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What is the Electromagnetic Spectrum? - Invisible Labs with Craig Beals

As a science teacher, I obviously love science, but what I really like about science is when it explains things that we can't always see. And one of those things is light! Now, of course, we can't see without light. But, there's so much more to light that most of us don't really understand.

Light, like we think of it, is just one small part of something much bigger called the, 'Electromagnetic Spectrum.' And, the wavelength changes from very short wavelengths on one end, to very long wavelengths on the other, and what we see is just right in the middle. So right on this very short end is something called, 'Gamma Rays', but as we move our way to a little bit longer wavelength, those are 'X-Rays.'

Craig Beals electromagnetic spectrum of light

When you have to go in, and they shoot x-rays in through your skin it interacts with your bone and it takes a picture. So that's light, even though our eyes can't see it. We get to a little bit longer wavelength and we get up to something called 'UV,' or 'Ultraviolet.'

If you've ever been in a tanning booth or you've ever been outside and gotten a sunburn, you're familiar with ultraviolet light. And It's the exact same stuff as the light we see around us, just a little bit different wavelength.

Then we get into that 'Visible,' the visible little tiny chunk of what we can see. All the colors of the rainbow are inside visible light. So when you look out and you see a rainbow you're just seeing the sun's rays passing through droplets of water. Think of each one of those droplets of water like a prism falling out of the sky. Sun's rays are hitting the droplet (prism) and it's bending that light into the colors of the rainbow.

Craig Beals explains the rainbow as light passes through raindrops like a prism

We get to a little bit longer wavelength, we get to something called 'Infrared,' and that's one of my favorites, but I'm gonna come back to that one.

And we get a little bit longer than that, we get all he way up to America's favorite cooking utensil, the microwave. The microwave cooks your food using electromagnetic radiation. It uses micro-waves, and microwaves are almost the exact same thing as the light we see with our eyes, it's just a little bit longer wavelength.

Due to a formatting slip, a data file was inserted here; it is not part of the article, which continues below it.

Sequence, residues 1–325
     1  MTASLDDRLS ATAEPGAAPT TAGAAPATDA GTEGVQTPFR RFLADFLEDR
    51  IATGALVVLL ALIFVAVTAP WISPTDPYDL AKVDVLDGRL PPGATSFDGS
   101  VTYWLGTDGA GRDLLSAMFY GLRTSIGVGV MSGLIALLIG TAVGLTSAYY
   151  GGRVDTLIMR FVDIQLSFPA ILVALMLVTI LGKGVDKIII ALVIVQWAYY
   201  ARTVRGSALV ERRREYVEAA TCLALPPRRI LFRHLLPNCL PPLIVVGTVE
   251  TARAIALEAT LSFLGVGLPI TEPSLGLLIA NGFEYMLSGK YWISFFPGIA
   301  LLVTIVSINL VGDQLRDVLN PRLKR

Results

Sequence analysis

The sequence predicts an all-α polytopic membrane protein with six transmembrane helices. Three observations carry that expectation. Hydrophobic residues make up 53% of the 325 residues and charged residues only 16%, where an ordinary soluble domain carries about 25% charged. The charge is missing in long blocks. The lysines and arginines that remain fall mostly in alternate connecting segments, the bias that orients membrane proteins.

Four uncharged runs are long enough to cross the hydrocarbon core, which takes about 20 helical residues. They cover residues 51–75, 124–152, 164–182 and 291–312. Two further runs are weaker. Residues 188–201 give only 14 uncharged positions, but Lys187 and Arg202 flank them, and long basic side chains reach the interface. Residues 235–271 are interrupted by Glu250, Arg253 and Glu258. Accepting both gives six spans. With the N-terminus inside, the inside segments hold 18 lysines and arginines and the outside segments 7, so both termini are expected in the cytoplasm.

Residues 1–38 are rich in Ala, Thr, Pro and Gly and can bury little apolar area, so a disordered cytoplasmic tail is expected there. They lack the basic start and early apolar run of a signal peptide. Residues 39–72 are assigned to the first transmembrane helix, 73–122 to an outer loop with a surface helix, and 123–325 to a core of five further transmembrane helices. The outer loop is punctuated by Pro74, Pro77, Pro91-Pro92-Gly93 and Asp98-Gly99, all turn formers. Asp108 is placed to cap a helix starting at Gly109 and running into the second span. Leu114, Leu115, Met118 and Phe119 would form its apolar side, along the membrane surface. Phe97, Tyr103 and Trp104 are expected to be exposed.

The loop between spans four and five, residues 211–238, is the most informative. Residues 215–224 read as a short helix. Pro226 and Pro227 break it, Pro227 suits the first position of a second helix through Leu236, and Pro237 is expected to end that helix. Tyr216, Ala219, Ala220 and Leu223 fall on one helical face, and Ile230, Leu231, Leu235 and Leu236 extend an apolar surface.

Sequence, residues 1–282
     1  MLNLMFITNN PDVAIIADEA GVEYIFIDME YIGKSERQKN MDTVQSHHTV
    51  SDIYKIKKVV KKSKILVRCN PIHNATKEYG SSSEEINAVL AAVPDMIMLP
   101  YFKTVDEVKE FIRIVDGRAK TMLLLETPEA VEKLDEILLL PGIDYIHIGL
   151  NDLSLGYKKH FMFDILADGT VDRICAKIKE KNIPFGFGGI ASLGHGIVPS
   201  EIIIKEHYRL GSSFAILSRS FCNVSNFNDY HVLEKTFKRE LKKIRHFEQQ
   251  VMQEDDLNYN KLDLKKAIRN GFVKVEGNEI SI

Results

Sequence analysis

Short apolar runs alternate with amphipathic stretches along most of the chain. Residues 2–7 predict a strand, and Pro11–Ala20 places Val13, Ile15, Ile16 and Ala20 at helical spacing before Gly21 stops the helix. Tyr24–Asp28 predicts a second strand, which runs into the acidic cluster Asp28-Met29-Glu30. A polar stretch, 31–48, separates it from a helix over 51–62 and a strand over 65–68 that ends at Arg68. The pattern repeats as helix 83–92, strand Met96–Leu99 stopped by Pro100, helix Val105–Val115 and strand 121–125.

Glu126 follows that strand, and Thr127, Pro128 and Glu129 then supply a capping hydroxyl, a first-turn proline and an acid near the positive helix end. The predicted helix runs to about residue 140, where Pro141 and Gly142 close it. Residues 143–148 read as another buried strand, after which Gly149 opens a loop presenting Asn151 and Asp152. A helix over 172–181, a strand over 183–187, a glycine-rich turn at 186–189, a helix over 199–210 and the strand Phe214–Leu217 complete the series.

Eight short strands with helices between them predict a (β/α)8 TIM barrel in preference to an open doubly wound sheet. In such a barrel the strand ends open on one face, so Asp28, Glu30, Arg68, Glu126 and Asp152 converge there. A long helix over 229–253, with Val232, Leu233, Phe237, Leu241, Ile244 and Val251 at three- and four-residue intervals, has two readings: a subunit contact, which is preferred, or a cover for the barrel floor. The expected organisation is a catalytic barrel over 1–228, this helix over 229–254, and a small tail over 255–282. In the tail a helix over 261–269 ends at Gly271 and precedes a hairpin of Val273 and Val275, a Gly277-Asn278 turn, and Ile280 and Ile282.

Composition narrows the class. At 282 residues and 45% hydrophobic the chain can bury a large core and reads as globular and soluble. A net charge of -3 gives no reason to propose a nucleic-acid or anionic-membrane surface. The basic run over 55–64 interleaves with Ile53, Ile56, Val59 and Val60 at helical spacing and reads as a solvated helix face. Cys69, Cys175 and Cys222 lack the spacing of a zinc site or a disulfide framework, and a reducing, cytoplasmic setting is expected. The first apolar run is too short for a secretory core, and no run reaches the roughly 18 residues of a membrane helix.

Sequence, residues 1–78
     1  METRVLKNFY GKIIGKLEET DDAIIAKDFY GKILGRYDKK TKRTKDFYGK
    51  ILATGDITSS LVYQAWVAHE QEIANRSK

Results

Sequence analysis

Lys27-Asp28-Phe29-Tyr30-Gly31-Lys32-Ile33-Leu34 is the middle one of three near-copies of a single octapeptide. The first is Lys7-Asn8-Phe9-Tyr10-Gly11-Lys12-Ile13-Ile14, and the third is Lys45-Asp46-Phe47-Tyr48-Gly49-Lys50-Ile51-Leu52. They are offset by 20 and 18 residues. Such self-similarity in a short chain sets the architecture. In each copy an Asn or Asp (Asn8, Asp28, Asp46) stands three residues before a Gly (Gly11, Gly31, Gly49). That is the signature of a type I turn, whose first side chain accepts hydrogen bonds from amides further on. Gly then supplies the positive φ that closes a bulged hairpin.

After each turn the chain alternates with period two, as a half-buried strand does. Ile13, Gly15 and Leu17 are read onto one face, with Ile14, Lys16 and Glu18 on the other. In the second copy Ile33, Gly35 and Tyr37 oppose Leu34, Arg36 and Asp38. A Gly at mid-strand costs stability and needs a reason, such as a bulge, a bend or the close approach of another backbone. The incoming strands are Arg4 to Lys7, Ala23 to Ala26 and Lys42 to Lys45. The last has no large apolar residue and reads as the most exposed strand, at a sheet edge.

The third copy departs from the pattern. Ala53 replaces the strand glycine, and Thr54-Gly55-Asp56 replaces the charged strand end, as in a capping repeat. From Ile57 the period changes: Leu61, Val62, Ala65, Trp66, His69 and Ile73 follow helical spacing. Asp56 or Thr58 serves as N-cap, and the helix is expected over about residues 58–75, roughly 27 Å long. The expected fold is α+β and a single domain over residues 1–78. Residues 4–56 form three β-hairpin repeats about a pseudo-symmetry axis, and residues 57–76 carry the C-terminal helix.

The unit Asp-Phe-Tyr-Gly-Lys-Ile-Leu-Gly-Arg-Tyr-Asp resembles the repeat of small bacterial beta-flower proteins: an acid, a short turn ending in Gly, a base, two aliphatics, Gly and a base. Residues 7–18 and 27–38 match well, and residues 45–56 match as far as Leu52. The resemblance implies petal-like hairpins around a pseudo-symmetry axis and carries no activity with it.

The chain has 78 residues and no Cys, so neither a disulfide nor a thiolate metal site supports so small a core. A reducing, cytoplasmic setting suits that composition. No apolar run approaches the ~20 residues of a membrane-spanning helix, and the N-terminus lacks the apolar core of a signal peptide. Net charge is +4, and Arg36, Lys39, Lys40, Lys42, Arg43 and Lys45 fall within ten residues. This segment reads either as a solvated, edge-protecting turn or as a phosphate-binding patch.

At the end of the long wavelengths are 'Radio' waves. When you go, and you tune your radio into your favorite station, you're really listening to a light signal, because radio waves are just like visible light, but a really long wavelength, and it's passing through the air, and we can tune-in to just one small portion of that frequency and you can listen to your favorite radio station. And here's the thing I like to talk about with radio waves, when you tune-in to your favorite station, it doesn't mean that all the other stations went away, they're still there. It's just like our eyes, our eyes are tuned-in to one small piece of the spectrum, but it doesn't mean the other ones aren't there. They exist and they're all around us, all the time.

Craig Beals shows fire in visible and infrared using a flir camera

And now, we've got new technology that allows our eyes to see infrared, a world that we couldn't even experience not that long ago. There's a whole world out there that we can only experience with this new FLIR infrared technology. I mean, imagine going out into your world, and exploring thermal energy, exploring the electromagnetic spectrum in a way you never imagined.

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Invisible Labs is brought to you by FLIR Systems


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